My first seed catalog arrived this week, that is always exciting.  I am thinking of ordering some of the most bizarre looking pumpkins, the pumpkins are all warty.  Supposedly they are good eating, just not so attractive.  Never mind, appearances are often deceiving, it is similar to internet dating (so I’ve heard). Although I would imagine that seed catalogs are more honest….. I live vicariously through my friends…. can you tell?

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Green, sweet, organic, local = DELICIOUS!!!!! My son and I are eating these straight from the pods as fast as we can open them.  Yes, it is true.  My son, eating vegetables without being coerced or bribed.  Get them in his body before he figures out that they aren’t candy.  Funny how he doesn’t feel the same for the frozen peas (never in the summer) in the dead of winter.  So I am content just to eat them now and forget heating up the kitchen with pots of boiling water to blanche them before freezing…….nice excuse.

These aren’t our peas from the garden. They are from a lovely couple named Ralph and Janet.  Real down to earth people with a nice vibe to them, laid back and friendly.  They are a fixture at the local Farmers Market (one of the few, true farmers to actually sell there, by the way).  Did I mention their carrots?  I’m salivating thinking about them (who knew?).

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Here I am again, on a coldish June day, procrastinating before I start to trim a load of large bowls.  I realized that I haven’t updated the activities in the “Urban Farm”.  New ideas seeded themselves in the mind of the “farmer” over the very early spring.  Plans for a greenhouse and plotting how to prevent the tomatoes from succumbing to the dreaded blight were at the top of the list.  We also welcomed a new gardener to share the patch.  I love the idea of sharing our small plot of land with others in the community who fancy a bit of soil.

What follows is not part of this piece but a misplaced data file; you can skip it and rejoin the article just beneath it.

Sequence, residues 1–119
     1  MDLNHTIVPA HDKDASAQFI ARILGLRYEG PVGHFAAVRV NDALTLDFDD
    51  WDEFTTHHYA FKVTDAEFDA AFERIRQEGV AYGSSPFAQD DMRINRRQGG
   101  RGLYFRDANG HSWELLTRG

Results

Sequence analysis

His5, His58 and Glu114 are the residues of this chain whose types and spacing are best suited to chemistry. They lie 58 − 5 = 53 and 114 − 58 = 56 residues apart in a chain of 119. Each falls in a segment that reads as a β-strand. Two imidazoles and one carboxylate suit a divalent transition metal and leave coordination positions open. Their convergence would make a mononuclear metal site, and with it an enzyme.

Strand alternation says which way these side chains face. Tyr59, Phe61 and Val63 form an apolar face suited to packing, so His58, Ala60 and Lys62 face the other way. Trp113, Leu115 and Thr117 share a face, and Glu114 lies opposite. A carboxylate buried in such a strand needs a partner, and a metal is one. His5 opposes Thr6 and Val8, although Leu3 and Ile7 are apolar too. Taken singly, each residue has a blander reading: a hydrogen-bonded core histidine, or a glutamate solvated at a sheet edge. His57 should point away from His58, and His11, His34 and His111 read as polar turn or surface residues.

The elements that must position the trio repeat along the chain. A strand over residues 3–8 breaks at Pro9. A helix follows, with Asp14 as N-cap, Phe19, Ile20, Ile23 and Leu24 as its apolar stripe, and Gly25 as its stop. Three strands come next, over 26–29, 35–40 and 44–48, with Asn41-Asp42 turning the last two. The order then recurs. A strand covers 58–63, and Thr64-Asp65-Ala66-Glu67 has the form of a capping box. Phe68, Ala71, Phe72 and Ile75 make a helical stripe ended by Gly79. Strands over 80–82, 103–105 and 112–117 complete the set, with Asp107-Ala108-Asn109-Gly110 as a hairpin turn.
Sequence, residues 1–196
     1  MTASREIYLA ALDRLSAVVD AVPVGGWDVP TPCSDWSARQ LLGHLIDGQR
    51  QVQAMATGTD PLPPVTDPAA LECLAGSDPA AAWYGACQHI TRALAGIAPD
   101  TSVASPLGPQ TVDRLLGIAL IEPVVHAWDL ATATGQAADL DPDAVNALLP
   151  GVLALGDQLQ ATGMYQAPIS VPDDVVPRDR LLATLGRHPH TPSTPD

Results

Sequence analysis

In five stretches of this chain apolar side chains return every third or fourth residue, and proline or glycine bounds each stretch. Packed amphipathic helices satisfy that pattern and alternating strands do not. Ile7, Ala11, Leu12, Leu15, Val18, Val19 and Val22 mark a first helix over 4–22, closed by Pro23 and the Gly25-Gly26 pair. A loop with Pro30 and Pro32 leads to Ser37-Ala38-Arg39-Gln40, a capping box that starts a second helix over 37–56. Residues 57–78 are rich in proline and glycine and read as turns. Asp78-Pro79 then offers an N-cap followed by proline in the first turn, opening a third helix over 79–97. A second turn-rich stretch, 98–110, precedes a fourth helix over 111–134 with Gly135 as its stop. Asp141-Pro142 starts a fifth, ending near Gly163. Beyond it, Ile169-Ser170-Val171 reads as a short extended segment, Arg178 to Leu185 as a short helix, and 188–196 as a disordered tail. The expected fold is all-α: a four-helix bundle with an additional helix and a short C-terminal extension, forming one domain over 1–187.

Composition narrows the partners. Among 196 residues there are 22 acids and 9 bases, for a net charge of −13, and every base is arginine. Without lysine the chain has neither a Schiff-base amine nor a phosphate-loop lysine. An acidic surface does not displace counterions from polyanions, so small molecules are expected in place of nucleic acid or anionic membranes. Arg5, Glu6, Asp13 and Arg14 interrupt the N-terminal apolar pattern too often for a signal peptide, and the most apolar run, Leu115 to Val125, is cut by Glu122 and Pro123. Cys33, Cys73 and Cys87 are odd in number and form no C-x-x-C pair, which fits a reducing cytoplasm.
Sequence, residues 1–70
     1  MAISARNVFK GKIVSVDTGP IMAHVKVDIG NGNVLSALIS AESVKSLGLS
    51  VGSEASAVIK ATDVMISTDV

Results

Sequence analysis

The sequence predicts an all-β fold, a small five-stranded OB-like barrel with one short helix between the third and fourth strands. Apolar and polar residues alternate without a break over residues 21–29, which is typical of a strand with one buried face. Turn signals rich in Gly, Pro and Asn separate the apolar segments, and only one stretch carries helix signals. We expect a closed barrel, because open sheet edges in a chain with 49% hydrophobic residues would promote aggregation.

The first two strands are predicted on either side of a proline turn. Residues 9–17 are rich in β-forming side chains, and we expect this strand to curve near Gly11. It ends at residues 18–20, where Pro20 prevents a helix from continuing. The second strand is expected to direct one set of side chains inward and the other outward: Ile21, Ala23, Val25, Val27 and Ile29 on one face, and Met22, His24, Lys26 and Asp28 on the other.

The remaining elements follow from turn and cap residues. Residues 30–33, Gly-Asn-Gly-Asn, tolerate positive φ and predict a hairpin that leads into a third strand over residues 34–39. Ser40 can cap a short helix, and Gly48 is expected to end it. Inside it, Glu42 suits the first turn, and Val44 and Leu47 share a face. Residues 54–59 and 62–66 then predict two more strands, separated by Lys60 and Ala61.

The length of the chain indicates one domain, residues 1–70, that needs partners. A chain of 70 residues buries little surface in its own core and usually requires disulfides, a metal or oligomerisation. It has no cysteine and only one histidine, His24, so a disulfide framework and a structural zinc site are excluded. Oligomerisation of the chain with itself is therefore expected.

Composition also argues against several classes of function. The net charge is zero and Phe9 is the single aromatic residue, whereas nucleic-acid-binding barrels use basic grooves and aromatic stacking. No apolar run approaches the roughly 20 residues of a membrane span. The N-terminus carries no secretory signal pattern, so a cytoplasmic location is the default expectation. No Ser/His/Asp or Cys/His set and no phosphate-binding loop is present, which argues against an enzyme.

Even though spring crashed into summer this year (technically it isn’t summer yet, BUT) we did have a few chilly nights where seedlings had to be wrapped in blankets, heaters installed and bleary nights spent checking temperatures inside the greenhouse.  Farmer Mark really does have a green thumb and a real talent for hard core vegetable gardening (who knew?).  He has even managed to convince one of our friendly neigbours to give his lawn over to tomato plants!

Now that our son is older he can participate in the gardening experience.  I have fond memories of ‘helping’ my parents in the digging of a garden.  I can still taste the sweet of the peas that I picked early one morning all by myself much to the dismay of my Mum.  That was when I think I grasped the concept of the ‘early bird gets the worm’, err, peas!

Notice the ever helpful hen?  We kept the girls over the winter…..why pop them into the soup pot when they continued to lay eggs all winter?

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Eye Spy With my Holga, originally uploaded by claygrl.

Believe it or not, but there is a chicken digging away in the compost heap. I was playing around with one of my ‘toycameras’, the Holga. I managed to develop two rolls of negatives on a lovely Sunday afternoon. One is a roll of film from over a year ago, patiently waiting to be discovered in the back of my refrigerator. I love surprises and that roll was one of them.

Of course, whenever I am chasing the chickens they always show me their backsides. Fortunately, I am not interested in documenting that view of the hens…..aren’t you glad?